Let me say this at the outset- I got a cell phone only for my own safety and convenience. It leaves the house with me only if I go outside alone in the wintertime when I might possibly slip on ice and fall, and when I will be driving out of town alone. To assist in keeping my phone for my own convenience, I have given the number only to my husband and my three children. My three children’s spouses do not have my number, nor do my three grandchildren. It seldom rings.
Generally I am conscientious about plugging the phone in regularly for recharging. I do know that a dead battery leaves the phone useless. With all my precautions in place, I felt confident that my phone would be used only by me for outgoing calls in proper emergencies. I suppose the enormity of my naiveté should not surprise anyone of my own generation, and will probably elicit pitying chuckles from other generations.
When I first had the cell phone, I was dismayed when it rang. The nice man in the phone store had set the ringer on “vibrate,” but my phone had a very soft ring-tone accompanied by some vibration and an annoying noise that sounded like a cross between a hoot and a groan. Somewhere some poor owl must be in pain, I thought. My dismay turned to a mild panic when I realized I did not know how to turn the phone on. After I flipped the lid up, should I have pushed the round button? Or maybe I should have hit that odd green icon that resembles an actual phone? Why didn’t that nice man explain all this? I had been very specific about wanting the dumbest phone possible, so what went wrong? I tried just saying, “Hello?”
I had waited too long. No one was there. Or maybe I had failed to push some button. I put the phone back in the bowl on the kitchen counter. This whole business of having a cell phone just for my own safety and security was getting to be complicated. A little later my daughter dropped by. She is a cell phone whiz, plus being a whiz at using all kinds of I-pads and tablets and laptops. She walked me through a few basics, and made sure I could retrieve messages if I missed a call because of being at the other end of the house or out in the garage. The missing message said, “This is Dr. So-and-So’s office calling to remind you that you have an appointment tomorrow at 2 PM, Mr. McMann. Goodbye.”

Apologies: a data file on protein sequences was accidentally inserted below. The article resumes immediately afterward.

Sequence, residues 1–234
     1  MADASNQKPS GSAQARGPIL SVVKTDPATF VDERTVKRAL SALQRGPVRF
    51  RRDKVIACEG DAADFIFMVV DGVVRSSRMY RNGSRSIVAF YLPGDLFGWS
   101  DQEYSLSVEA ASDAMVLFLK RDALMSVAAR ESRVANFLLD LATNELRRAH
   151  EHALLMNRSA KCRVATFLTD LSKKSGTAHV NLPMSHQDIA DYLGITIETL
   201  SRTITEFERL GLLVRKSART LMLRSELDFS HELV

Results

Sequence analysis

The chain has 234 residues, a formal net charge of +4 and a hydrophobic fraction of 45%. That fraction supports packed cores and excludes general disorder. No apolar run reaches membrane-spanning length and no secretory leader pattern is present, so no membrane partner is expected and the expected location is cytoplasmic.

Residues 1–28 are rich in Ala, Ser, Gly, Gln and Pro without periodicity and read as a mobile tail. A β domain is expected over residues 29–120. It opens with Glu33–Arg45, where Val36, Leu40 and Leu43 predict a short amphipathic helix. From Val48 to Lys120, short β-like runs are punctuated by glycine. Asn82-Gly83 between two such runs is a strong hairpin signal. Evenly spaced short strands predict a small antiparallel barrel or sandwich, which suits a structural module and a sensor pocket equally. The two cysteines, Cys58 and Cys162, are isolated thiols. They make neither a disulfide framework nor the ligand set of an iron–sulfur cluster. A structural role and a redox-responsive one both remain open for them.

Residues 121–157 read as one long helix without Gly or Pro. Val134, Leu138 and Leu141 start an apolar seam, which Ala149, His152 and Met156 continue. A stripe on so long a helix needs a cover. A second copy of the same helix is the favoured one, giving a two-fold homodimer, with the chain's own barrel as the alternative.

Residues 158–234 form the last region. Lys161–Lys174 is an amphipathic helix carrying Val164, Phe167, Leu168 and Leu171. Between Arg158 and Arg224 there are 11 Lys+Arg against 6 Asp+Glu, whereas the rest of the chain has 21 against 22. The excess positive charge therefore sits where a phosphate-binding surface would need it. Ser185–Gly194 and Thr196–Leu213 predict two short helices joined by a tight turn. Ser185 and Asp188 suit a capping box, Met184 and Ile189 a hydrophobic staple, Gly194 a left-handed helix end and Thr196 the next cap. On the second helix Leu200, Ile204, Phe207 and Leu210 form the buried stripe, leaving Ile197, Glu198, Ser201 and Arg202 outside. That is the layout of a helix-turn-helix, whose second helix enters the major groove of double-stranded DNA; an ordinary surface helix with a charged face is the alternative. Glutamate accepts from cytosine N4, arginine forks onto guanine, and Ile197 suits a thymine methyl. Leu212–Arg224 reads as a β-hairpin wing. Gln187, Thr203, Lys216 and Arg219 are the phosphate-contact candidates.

I called the doctor’s office back and explained at length that this was no longer a valid number for Mr. McMann. So now I’m a social secretary for a man I don’t even know. I don’t even remember his real name- I just made up a pseudonym.
During the next few months I got many calls for him, and of course none for me. I had to explain repeatedly that no, this is not the correct number for Mr. McMann, and no, I do not know what his new number is because I do not know him. Sometimes his callers sounded a little hostile, and when I demanded to know who was calling, they would hang up. Eventually, I began to wonder why Mr. McMann had given up his number. Was he avoiding an ex-wife, or an ex-girlfriend? Was he avoiding collection agencies? Actually, all the calls seemed to come from men- maybe he was dodging an ex-boyfriend.
I wish I could say I have become more skilled at using my cell phone, but that would be inaccurate. The menu page is for illiterates, with no words, just pictures. I think in words, not in pictures, or pictographs or hieroglyphics. One day as I was fumbling with my phone I discovered to my horror that it was taking pictures- a capacity I did not know it had. I still don’t know how to do it on purpose. The phone store man never mentioned it. Apparently the dumbest possible phones are determined to be smarter than I am.
Somewhere in all these months of confusion, my daughter was helping me do something with my phone, and it required me to have the ability to text, so she canceled my setting of NO TEXTS. Now I get odd messages by text more than by voice. Sometimes those text messages say things like, “Long time no see. What’s up, baby?” And one hostile recent message said something like, “This Ur-Heg. You must return this call NOW!” Frequently around dinnertime, the phone hoots and groans to give me a text about how somebody needs me to help to make America great again, or to tell me the DNC desperately needs me to contribute money so we can Take Back the House. Apparently Mr. McMann has an eclectic mix of political loyalties. Fortunately the messages can easily be deleted, but I have noticed there is no option to Block this Number or to Opt-Out and Unsubscribe.
So, after having this cell phone almost three years, I have made about five out-going calls, and have received about four in-coming calls from family members. But most of the time, I still cannot answer the question, “Why did the phone ring?”